Traditionally in France, le menu refers to a prix fixe or fixed-price grouping of items. In this case there are a few choices for each part of the meal experience (appetizer, main course, dessert); there may be several different menus at different price-points. Note that the word hors d'oeuvre which we have adopted in English and literally means outside of the work - in this case, the meal - is often confused with an appetizer. The hors d'oeuvre is a small bite, the "finger foods" people pass around on platters at functions before everyone sits down to eat. The appetizer is a planned part of the meal, served as the first, smaller course; it is called l'entrée in French, which makes sense really, as the appetizer is the "entrance" to the meal. In English, we use the term entrée to refer to the main course, which is named le plat principal in French, the principal or main plate or dish. As a welcome surprise, dessert is simply, le dessert!
La carte refers to what we in the U.S call the menu, the piece of paper or plastic that has all the offerings of the restaurant written on it. Currently, some places are calling that a menu also, but traditionally, it is strictly called la carte. When ordering à la carte, it means you are ordering items separately off the menu (carte) rather than ordering a fixed meal package option. When faced with an à la carte menu in the United States, many Americans, unfamiliar with the practice, order the steak and are disappointed when all they get is the steak! However, when dining à la carte, sides must be ordered separately.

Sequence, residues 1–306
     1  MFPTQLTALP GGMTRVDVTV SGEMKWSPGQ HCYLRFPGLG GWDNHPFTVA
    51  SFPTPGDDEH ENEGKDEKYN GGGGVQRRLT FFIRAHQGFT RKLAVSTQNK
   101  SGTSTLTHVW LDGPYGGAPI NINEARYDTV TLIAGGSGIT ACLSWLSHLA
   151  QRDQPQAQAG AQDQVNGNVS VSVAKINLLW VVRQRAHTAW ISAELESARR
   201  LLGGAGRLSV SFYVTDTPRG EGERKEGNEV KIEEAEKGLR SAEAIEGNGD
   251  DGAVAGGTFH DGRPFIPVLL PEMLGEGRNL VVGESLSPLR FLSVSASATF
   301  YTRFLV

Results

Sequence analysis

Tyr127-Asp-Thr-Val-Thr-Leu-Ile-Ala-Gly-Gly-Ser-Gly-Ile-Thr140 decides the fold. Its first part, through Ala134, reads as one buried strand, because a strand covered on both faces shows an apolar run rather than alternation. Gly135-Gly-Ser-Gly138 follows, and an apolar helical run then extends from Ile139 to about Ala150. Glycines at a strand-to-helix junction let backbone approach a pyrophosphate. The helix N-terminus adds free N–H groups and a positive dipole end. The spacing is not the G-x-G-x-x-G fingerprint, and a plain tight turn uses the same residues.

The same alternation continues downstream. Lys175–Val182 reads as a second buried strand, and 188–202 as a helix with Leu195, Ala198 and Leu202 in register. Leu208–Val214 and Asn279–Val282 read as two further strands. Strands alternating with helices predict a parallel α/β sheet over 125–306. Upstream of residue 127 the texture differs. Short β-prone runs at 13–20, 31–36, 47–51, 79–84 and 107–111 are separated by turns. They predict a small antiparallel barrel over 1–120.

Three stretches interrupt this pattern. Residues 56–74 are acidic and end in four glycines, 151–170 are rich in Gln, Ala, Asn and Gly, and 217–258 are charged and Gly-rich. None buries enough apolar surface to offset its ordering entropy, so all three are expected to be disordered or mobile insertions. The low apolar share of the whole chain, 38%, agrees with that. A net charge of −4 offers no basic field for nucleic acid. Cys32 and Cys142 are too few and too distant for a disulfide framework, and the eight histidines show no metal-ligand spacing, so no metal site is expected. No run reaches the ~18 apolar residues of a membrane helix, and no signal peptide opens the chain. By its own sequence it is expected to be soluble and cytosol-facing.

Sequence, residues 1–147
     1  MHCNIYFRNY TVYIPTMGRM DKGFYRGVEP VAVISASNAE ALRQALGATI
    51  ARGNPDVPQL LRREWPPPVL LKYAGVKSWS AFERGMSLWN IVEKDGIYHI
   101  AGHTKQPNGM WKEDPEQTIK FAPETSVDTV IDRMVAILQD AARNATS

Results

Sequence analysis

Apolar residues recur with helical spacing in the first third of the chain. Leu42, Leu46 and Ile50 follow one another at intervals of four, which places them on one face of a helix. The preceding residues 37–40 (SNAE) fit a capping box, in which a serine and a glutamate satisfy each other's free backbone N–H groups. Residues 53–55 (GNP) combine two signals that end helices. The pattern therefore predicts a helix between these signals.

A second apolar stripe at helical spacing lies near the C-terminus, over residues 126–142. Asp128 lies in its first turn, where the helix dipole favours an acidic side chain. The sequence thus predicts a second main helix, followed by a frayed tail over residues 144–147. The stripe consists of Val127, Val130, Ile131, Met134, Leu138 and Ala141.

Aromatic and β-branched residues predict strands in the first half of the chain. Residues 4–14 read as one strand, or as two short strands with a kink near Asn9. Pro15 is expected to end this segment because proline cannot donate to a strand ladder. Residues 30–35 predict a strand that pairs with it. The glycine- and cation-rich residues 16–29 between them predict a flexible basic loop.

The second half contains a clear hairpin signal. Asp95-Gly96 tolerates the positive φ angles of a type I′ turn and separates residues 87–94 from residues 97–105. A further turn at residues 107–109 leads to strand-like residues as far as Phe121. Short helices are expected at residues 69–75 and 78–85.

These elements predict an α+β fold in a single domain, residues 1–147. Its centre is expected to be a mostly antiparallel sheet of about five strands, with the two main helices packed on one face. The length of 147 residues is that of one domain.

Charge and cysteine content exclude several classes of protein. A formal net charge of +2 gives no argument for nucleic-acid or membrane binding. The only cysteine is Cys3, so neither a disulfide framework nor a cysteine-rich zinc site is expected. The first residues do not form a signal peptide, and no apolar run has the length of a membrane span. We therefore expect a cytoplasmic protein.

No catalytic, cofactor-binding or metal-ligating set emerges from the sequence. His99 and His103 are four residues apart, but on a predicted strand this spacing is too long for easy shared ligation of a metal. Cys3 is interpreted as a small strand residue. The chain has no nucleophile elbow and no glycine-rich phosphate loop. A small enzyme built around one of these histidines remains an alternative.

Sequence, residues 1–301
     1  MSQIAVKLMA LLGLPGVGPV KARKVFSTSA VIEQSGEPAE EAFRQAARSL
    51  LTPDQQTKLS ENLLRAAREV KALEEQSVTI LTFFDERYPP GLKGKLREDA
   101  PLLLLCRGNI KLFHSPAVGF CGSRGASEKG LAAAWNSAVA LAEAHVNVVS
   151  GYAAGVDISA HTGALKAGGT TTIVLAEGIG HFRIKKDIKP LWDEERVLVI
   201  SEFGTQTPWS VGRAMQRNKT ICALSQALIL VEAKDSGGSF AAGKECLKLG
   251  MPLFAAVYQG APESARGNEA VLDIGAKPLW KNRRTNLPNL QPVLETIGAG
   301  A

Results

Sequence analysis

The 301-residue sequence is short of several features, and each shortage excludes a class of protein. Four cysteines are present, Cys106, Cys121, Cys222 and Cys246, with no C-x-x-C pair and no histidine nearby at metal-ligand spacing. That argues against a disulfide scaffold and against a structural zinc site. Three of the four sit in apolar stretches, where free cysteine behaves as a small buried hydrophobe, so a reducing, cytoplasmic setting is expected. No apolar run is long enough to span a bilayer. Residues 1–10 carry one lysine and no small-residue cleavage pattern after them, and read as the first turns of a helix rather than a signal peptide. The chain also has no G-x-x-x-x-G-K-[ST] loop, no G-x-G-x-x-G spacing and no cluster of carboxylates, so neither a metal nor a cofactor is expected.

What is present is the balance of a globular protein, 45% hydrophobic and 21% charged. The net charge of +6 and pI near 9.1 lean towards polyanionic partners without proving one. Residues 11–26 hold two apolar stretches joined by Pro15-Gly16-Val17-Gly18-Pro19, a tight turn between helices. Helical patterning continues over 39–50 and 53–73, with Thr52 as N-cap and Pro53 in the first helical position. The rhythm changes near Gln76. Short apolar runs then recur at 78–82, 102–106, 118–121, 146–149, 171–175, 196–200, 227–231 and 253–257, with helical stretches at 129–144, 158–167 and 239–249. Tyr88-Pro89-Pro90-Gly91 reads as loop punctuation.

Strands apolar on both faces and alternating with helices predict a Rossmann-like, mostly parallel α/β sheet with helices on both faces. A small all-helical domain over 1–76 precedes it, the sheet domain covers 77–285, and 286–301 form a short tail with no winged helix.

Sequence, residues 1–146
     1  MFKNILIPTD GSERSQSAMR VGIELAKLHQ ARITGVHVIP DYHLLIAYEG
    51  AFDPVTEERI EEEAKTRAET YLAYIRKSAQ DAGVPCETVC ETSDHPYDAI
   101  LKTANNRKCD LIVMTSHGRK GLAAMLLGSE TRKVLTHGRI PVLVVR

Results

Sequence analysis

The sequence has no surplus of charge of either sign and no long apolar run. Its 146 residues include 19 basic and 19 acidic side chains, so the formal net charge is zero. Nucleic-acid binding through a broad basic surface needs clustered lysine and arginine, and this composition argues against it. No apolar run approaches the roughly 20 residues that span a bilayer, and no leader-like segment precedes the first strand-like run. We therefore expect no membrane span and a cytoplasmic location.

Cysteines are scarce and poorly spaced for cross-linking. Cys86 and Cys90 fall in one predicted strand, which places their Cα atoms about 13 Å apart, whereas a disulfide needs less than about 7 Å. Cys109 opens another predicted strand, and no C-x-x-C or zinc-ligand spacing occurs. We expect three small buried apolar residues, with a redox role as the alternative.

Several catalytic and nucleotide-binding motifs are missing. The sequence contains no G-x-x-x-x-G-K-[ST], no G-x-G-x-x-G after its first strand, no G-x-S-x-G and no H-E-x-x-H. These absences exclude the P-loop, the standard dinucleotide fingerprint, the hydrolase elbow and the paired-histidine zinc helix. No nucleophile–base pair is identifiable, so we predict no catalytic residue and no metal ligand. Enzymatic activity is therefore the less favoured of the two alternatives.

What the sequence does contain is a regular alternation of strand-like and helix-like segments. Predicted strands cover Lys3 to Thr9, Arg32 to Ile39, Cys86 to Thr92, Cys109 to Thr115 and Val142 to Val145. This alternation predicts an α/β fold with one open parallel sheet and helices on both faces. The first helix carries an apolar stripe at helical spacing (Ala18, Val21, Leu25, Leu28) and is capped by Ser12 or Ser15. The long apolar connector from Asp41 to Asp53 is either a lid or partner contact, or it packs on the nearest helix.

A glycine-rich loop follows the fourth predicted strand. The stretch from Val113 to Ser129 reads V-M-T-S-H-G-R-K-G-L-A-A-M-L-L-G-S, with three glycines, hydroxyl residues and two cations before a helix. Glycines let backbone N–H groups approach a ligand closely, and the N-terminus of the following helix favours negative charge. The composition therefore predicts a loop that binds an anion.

None of our three restaurants list prices for all food items on their online menus, or cartes. This can be frustrating for the teacher looking to use this information in class. Although you could visit online chat boards and enlist people around France to tell you prices at their local restaurant, that would be time-consuming and potentially inaccurate. I emailed each establishment a request for paper copies or online documents with all prices, explaining my goal; so far I have not heard back from anyone, but perhaps that will be an option. You could always estimate prices based on the information you do have and provide those prices in a modified document. I prefer to give the students the menus as they are and use that as a discussion/writing point, asking students why the prices are listed for some items (the values) and not others. After that, you could have students compare French and American menus and practice converting dollars to euros, thus creating a modified menu with the calculated prices; students could also practice estimating skills in the same way.
In the sections that follow, I will introduce each fast food restaurant, providing pertinent websites and resources for advertisements and commercials. I will also include here examples of necessary vocabulary lists and some ideas for using the resources in the classroom.